Google’s (GOOG) stock has been punished thus far in calendar 2010 falling more than 20% from its 52-week high. Some of that can be blamed on the recent correction, but with the broad market indexes just about even for the year there is obviously something more. Much of the pessimism towards the internet search giant is related to its pull back from the lucrative Chinese market after a throw down over censorship, and Google’s pain has been Baidu‘s (BIDU) gain as their shares have grown nearly 80% already this year. Some of this shift in valuation is certainly warranted, especially for Baidu, however we think that the reaction has created an opportunity to pick up shares of the global leader in search advertising.
A recent info-graphic provided through Barry Ritholtz’s blog shows the degree to which “googling” has gone global (all statistics are as of February 2010). In the US, Google claims an impressive 72% percent of search market share despite established competition. However, to the south Google’s market share is stronger with Mexico and all of South America hovering around 90%. Google has all but squeezed out the competition in such European countries as the Netherlands, Belgium, Latvia, Lituania, Hungary, Romania, and Poland all with greater than 95% share. Interestingly, as of the time of the report, Google only claimed 26% of Chinese searches, but 81% from India.
A recent report out of Google claims the company generated $54 billion in US economic activity in 2009, apparently this tabulation accounts for revenues generated through ads placed by on Google search results (as opposed to being Google’s own revenue). The report laid out the value proposition for using their platform, “We conservatively estimate that for every $1 a business spends on AdWords, they receive an average of $8 in profit through Google Search and AdWords.” It would seem to me profit is the wrong term to use in this case, but you get the idea; the platform works.
Clearly, internet search advertising is dominated by Google, and we have seen spending return as the economy has rebounded. We believe this trend will continue as keyword targeted advertising has become a key medium for small business ad campaigns, and economic recoveries are a time when many small businesses get off the ground. According to ZenithOptimedia, a London-based ad buyer, the internet’s share of overall advertising spending is expected to grow to 17% in 2010 from 13% last year.
So, is the China ordeal a red herring? We think it is, as the bigger picture is much more positive. Remember, Google has plenty of other businesses that are rolling along nicely. Their Android operating system has stormed the smartphone market and in a matter of months has surpassed the iPhone for smartphone marketshare in the US already claiming 28%, and its gaining on the leader Research in Motion (RIMM) quickly. Coincidentally, just today Google completed its acquisition of mobile advertising firm AdMob, which almost assures Google will be a key player in the rapidly expanding mobile search and advertising business. Consider this, mobile searching from Android devices, iPhones and Palm’s Pre rose 62% in the first quarter of this year sequentially from the last three months of 2009!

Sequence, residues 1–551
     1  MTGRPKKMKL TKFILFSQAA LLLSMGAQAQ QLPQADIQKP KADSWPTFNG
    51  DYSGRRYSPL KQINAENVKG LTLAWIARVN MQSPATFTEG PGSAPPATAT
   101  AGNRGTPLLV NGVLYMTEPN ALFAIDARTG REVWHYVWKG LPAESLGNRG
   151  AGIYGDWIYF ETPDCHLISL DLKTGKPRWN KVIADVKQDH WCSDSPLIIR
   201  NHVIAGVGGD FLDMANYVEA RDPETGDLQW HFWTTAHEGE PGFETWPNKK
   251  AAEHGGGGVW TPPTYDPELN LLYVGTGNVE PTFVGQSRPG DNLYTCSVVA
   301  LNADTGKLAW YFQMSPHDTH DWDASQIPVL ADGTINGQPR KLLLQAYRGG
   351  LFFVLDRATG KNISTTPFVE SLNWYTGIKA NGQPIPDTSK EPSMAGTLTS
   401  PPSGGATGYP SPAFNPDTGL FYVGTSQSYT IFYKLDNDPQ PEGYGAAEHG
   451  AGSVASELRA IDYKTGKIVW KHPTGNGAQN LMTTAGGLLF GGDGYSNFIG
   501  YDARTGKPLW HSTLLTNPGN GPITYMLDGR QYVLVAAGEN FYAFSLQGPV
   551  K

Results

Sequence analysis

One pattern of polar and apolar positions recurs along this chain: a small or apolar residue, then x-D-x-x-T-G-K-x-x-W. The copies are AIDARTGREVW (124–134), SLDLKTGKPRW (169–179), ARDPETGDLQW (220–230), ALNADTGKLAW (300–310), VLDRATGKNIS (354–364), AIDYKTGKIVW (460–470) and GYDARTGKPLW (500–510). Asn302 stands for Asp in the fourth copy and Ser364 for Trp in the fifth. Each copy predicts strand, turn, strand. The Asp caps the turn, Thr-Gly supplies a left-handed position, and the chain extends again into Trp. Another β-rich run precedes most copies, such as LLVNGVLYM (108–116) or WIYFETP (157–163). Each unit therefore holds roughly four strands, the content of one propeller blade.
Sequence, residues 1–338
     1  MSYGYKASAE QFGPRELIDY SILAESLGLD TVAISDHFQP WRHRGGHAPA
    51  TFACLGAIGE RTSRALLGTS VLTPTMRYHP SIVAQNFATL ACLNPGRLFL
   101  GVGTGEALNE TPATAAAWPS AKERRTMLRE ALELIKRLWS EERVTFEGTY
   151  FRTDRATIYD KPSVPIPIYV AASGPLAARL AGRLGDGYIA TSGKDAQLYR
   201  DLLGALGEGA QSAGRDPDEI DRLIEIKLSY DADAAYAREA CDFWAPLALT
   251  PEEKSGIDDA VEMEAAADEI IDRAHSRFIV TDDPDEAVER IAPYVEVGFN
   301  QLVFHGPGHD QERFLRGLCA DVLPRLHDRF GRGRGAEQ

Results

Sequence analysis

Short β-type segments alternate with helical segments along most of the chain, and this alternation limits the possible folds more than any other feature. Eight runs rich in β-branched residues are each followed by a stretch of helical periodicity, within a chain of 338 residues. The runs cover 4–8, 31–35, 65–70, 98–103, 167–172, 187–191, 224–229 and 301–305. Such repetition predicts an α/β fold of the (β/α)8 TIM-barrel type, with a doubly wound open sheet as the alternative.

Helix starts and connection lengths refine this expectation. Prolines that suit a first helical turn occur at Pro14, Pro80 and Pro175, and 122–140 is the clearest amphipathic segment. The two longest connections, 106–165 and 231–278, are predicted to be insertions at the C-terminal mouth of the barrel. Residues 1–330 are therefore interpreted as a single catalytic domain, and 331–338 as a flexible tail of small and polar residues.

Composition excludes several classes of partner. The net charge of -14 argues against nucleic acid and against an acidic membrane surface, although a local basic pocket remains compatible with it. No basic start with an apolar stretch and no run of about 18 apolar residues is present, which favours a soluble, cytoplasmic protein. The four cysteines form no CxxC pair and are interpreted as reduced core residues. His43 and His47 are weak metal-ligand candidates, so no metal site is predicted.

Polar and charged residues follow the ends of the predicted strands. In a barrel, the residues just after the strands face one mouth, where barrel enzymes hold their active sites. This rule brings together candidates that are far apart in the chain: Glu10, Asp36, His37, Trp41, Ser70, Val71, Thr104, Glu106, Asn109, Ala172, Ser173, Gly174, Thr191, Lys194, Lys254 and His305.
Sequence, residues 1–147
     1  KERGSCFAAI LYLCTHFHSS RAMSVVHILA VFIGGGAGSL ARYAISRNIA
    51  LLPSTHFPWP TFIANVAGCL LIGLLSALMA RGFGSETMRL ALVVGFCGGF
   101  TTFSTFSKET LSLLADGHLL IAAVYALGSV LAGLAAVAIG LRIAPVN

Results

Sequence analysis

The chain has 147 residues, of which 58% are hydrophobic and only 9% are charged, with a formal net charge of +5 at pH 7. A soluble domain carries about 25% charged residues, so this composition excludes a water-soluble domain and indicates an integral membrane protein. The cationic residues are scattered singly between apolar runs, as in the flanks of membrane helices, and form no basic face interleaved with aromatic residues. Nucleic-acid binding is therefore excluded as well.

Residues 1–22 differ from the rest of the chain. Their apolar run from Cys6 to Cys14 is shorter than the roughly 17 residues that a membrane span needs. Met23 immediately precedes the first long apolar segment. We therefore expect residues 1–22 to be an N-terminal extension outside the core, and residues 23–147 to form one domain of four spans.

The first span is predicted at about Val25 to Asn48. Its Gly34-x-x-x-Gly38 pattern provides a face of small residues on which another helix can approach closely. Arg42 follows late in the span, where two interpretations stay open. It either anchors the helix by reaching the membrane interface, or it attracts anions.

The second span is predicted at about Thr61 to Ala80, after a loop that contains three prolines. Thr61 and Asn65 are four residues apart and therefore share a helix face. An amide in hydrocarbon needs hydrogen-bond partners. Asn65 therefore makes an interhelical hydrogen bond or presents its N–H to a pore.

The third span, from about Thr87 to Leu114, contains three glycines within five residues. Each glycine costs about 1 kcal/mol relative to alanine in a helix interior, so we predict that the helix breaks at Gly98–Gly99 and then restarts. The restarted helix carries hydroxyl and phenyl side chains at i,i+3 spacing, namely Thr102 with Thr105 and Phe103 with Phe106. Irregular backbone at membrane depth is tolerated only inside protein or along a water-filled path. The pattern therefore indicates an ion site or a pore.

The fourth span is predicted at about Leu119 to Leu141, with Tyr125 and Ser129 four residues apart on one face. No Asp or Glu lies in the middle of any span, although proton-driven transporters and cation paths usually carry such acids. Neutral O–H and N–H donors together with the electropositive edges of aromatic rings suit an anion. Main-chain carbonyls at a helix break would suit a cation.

In the interest of brevity, we will not go into other high growth potential initiatives going on at Google right now, such as Google TV. At this point, we think it would be best to talk about the fundamentals of the company. Google may sound expensive at nearly $500 per share, but according to our valuation methodology the company is Undervalued. For example, Google has historically traded for price-to-cash earnings ranging from 25.6x to 52.3x, but using current estimates for this year that metric dips to just 17.5x. This valuation only becomes more attractive should you choose to back out the $83 per share of cash and equivalents on their balance sheet (with zero debt). The current price-to-sales per share of 7.3x while high, does not fall out of line with GOOG’s historical norms for price-to-sales of 6.1x to 12.5x.
Based on our analysis the stock appears priced attractively, and has plenty of growth potential in the years ahead with or without China in the picture. We are reiterating our Undervalued stance as of this week’s report, and we see this stock as a best of breed technology stock that has fallen out of favor because of a relatively minor scuffle (albeit noteworthy for many other reasons). After all, the fundamental growth continues to impress us and they have built a pretty high moat around their market share in some exciting spaces.